Few things will have a bigger impact on your career success than cultivating and nurturing strong personal relationships. The people you are connected to will support your rise and break your falls. They will be your champions and your refuge. Your network is everything, and you need to be very intentional about how you build and keep it. If you are in a remote role, make sure to create moments of authentic, impactful connection. Set up recurring one-on-ones with people. Establish group text threads. Pop into people’s chats to say hello and check in. Open lines of communication with key leaders and colleagues and keep them active and dynamic, so you’re top of mind and easily accessible when opportunities cross their radar that you’d be a good fit for.
Additionally, don’t discount the value your non-professional networks bring to your professional life. Whether it’s a book club, a running group, or the friends you meet for dinner once a month, having an external support system is essential for managing the stress and challenges work throws at you, maintaining perspective, and coming back to your job refreshed and refocused.
How—and why—leaders should foster a culture of career ownership
While the onus is absolutely on the team member to define their path, seek out opportunities and self-advocate, there’s a tremendous upside for organizations that provide an apparatus to support their team members in doing so. People who feel invested in by their employer tend to invest in that employer in return, in the form of dedication and loyalty. Over time, those team members may become leaders in the organization, who are themselves steeped in a development-minded, people-first approach to bring along the next generation of talent.
Don’t just sponsor team members—prepare them. Always look for opportunities to give high-potential, high-ownership team members on-the-job experience for the roles they aspire to so they can confidently step into their new responsibilities when promoted. Empower team members to lead a new initiative, manage a project or, as in the example earlier, provide exposure to high-level discussions. This lets them broaden their knowledge and test their capabilities in a relatively low-stakes scenario and enables you to provide air cover if they falter, coach them on what went wrong and demonstrate how to course correct moving forward.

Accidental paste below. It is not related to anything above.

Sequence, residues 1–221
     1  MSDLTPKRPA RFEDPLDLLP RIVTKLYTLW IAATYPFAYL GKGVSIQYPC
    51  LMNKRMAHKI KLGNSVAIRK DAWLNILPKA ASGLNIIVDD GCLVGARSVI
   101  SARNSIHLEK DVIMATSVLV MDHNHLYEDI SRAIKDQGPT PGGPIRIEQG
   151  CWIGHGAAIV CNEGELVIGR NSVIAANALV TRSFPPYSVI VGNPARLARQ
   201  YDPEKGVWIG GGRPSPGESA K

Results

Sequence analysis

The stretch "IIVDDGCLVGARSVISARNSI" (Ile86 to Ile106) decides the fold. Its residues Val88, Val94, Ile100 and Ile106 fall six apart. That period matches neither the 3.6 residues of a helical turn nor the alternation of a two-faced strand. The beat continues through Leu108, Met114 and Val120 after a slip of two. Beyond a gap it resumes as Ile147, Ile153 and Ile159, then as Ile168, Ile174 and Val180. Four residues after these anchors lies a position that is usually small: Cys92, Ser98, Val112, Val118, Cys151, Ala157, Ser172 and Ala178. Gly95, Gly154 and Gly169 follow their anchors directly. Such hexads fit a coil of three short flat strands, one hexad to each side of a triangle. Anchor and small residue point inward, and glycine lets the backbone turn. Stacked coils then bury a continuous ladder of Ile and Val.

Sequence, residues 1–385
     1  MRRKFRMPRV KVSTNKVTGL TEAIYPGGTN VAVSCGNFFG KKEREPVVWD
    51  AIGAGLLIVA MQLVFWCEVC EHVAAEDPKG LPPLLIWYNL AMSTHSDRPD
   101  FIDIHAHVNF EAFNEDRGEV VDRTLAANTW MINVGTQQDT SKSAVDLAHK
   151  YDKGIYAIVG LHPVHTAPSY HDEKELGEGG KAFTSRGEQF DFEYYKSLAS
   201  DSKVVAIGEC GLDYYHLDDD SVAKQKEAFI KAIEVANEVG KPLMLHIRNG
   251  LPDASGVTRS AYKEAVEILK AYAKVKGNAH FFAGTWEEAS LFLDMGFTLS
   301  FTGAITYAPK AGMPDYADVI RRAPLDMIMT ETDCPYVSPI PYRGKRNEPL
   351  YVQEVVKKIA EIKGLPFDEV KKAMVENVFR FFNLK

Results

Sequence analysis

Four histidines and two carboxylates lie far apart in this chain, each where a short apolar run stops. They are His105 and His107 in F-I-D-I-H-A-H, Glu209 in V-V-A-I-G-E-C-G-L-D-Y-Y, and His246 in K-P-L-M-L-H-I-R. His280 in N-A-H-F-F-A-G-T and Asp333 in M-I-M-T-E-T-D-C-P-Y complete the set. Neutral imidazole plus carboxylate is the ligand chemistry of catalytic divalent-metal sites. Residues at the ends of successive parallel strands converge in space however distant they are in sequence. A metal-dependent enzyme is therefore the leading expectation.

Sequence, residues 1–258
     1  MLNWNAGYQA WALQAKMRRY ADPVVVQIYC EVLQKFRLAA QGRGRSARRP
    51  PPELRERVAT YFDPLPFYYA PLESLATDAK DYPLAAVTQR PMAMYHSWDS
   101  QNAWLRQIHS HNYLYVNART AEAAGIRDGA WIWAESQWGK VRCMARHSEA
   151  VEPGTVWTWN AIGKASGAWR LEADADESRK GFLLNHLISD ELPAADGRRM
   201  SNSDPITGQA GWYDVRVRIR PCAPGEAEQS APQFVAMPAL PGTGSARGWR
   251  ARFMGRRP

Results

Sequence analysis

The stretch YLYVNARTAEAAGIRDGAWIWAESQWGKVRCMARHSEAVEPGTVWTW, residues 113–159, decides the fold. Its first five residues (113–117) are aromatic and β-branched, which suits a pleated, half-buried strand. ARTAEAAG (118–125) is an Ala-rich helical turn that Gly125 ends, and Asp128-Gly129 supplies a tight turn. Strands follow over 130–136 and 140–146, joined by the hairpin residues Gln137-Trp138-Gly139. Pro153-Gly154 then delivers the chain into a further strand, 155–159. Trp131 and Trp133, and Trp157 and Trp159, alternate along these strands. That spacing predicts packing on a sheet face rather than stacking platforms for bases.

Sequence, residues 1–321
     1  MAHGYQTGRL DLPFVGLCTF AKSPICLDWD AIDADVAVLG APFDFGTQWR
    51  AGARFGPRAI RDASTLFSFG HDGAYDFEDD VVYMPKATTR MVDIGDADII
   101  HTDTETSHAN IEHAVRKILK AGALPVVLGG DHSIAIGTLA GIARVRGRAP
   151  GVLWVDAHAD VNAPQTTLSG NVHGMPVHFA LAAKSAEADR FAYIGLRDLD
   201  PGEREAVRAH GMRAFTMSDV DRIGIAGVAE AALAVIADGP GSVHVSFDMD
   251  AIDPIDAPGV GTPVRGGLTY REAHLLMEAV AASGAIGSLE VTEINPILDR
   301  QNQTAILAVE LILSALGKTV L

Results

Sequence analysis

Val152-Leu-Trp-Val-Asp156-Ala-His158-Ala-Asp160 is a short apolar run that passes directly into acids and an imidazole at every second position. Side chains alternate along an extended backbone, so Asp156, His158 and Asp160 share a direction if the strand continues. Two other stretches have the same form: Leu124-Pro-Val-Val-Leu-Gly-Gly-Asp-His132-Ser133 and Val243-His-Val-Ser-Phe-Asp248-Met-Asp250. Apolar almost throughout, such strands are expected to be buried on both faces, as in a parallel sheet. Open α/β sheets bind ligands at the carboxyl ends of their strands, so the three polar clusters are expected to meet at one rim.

People who feel invested in by their employer tend to invest in that employer in return, in the form of dedication and loyalty.
Build long-term goals into ongoing conversations. People often make the mistake of thinking their manager is aware of their goals because they were mentioned in the interview process or an annual review. Create the space in regular touchpoints to discuss their bigger picture objectives alongside KPIs and other immediate concerns. The value here cuts both ways: team members will reap the benefit of your experience and insight as they map out their path forward, and you will be able to more readily identify the right kinds of training and enrichment opportunities to help them get to the next step on that path.
Create and encourage opportunities for connection. From mentorship programs and employee resource groups (ERGs) to sponsoring volunteer activities and funding networking opportunities, there are countless ways companies of any size can support team members looking to build their professional relationships. Organizations should invest meaningful thought and time in building and internally promoting such programs, and managers should encourage their teams to take advantage of them. You can’t force team members to engage, but you can share the ways your own career has benefited from intentional connection.
Begin where you are—but begin
There is no match for a person who knows exactly what he or she wants and is actively, intentionally focused on achieving it. The sooner you start fully owning your career, the better, but it’s never too late, and the rewards will enrich your life in countless ways.